- “It’s a mother’s worst nightmare: When X’s daughter suffers an unspeakable trauma, she whisks her away to a safe house where they begin the difficult journey to recovery. With over 100 five-star reviews on Amazon, a “thought-provoking and insightfully entertaining” tale.”
- “A USA Today bestselling author weaves a fun holiday romance with a “clever premise” (Booklist). When X finds herself catapulted to a future Christmas morning, will she be able reunite with her beloved husband and expected child?”
- “This deeply poignant bestseller charts the journey of two wildly different families united by their love for one young girl. As adoptee X searches for her place in the world, her relatives encounter love and loss across two continents. Written with “compassion and uncanny perception.”
I would appreciate a comment from you saying which of these, if any, would entice you to buy.
“They’ll come over Saturday,” he says.
“Who?” she asks.
“The two girls I told you about. The girls from Hong Kong.”
The young ladies have agreed to cook a genuine Chinese meal for them.
“The kids and I will pick them up and go shopping for the ingredients.”
They arrive with shy giggles. They take off their parkas and boots and with the kids help cart the groceries to the kitchen. Language isn’t too much of a problem although she has no idea what some of the utensils they ask for could possibly be.
For two hours the girls cook and for two hours she wipes oil off the stove, the counter top, the wall beside the stove. She knows she’ll be cleaning for a long time after the girls leave but the smells are delicious as wontons appear as if by magic. The kids are diligently filling and shaping the wontons as instructed. Some go into the soup, others are deep fried.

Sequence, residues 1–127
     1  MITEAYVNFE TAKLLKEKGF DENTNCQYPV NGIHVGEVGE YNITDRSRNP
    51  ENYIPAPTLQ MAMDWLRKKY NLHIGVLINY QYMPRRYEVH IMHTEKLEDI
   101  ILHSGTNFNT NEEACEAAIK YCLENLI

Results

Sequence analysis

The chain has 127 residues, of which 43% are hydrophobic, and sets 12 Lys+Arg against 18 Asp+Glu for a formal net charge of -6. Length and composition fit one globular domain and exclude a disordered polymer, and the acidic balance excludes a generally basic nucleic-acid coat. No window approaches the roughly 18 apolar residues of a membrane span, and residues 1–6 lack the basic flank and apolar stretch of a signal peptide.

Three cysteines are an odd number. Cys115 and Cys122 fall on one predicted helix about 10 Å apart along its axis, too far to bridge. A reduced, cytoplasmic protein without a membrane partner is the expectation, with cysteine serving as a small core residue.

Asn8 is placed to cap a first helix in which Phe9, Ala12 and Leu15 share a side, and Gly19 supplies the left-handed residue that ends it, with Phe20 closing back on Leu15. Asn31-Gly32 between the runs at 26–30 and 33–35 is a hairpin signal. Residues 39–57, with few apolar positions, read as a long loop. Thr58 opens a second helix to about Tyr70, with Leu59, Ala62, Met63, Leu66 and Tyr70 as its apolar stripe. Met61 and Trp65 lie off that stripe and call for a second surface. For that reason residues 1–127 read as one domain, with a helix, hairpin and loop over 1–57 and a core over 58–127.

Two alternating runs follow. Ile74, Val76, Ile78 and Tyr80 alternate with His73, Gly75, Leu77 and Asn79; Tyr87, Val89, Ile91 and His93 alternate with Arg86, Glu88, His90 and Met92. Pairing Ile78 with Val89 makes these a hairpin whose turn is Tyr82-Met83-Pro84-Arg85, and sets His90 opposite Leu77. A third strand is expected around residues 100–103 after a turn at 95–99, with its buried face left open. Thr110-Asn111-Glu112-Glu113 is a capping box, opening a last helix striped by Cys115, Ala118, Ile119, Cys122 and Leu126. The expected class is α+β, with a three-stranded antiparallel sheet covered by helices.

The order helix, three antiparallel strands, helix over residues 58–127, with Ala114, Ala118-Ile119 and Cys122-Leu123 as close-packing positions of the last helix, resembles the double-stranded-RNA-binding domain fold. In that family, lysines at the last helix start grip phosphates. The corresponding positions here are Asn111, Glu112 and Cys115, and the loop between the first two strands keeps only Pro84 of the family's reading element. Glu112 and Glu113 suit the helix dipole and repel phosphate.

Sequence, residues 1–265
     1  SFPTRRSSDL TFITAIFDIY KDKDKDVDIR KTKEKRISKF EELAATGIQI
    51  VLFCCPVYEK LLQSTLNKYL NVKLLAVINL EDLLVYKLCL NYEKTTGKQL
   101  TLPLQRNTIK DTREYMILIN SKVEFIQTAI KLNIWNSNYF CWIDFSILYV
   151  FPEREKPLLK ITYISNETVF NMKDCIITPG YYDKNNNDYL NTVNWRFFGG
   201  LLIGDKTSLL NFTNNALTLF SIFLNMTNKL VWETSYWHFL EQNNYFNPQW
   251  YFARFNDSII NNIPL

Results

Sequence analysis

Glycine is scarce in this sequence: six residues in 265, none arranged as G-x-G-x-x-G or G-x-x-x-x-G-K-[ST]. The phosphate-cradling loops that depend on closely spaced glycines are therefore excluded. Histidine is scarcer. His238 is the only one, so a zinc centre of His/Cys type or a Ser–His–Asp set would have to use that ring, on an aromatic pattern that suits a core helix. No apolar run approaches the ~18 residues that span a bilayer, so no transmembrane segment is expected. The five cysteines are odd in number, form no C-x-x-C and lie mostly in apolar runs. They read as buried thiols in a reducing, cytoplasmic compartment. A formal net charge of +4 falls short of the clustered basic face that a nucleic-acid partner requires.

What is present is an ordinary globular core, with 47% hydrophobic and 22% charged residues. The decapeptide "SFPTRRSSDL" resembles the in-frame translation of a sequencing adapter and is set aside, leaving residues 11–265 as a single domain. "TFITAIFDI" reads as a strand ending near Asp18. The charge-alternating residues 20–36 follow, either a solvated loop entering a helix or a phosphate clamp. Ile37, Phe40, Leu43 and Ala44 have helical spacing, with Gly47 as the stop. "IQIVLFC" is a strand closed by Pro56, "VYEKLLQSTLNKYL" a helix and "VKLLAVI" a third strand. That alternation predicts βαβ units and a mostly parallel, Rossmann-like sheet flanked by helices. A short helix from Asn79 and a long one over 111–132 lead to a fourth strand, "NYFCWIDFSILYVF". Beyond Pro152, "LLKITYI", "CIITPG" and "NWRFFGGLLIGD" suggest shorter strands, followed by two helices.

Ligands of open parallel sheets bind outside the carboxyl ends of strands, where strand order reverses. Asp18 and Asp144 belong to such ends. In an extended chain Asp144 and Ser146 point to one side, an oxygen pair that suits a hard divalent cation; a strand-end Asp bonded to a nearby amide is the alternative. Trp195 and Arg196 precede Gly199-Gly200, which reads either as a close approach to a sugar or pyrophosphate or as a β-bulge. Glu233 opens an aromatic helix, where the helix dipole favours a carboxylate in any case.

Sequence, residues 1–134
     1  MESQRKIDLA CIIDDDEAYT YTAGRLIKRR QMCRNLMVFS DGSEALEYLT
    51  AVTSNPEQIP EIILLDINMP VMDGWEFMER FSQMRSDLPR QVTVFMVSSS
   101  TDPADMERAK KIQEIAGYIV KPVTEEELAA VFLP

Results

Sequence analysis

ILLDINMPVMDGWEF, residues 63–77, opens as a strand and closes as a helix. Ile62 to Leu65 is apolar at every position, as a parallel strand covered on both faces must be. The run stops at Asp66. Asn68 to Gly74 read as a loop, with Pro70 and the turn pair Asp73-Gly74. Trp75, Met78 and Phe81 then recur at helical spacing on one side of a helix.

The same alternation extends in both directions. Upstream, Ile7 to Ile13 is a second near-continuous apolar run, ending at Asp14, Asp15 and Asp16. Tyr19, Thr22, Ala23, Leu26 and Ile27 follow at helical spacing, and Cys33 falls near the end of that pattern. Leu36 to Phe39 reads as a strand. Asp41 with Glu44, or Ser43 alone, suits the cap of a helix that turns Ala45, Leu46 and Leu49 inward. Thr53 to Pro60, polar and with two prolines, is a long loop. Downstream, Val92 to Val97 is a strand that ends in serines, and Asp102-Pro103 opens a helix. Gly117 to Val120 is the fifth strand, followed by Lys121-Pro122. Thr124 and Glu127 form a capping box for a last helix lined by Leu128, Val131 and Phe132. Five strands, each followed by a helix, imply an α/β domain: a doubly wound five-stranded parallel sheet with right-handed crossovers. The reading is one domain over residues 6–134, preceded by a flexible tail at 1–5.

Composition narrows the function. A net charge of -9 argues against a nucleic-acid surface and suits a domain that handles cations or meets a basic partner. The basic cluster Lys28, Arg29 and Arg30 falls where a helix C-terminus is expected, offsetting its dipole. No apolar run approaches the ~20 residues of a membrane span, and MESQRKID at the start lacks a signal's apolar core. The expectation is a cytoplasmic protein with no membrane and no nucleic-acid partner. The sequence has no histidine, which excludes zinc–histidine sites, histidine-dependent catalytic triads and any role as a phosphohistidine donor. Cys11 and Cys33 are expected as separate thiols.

More instructions and demonstrations, more patting and shaping and stirring. Noodles, rice, pork and chicken … She can’t keep up with the names of them all. More delicious aromas set their mouths to watering.
Finally the girls declare all is ready. They sit in the dining room and survey the heavily laden table. How can they possibly eat it all? Ten minutes later, the platters and plates are empty. They lean back and sigh with satisfaction. Was it worth all the work and the mess? Yes!
If stranded on a desert island and only allowed one book, I’d take Mixed Marriage written by Elizabeth Cadell and published in 1963. Written in diary format, it’s the story of a young English girl about to marry a young man from Portugal. Doesn’t sound like that big of a deal, does it? So why is it so special to me? The writing style is superb, the characters lovable, the story line intriguing, and, most importantly, the portrayal of family spot on and timeless. Uncle George huffing about as patriarch of the family could be your uncle. And, it’s funny, often laugh out loud funny. Here’s a snippet of the bride meeting the groom’s family.
After lunch, entire disappearance of everybody; all reappeared for dinner, with addition of Ana, Valeria and black-clad companion known as Senhora Dona Beatriz; in all fourteen at table; Mama said with obvious sincerity that so nice to have little family party.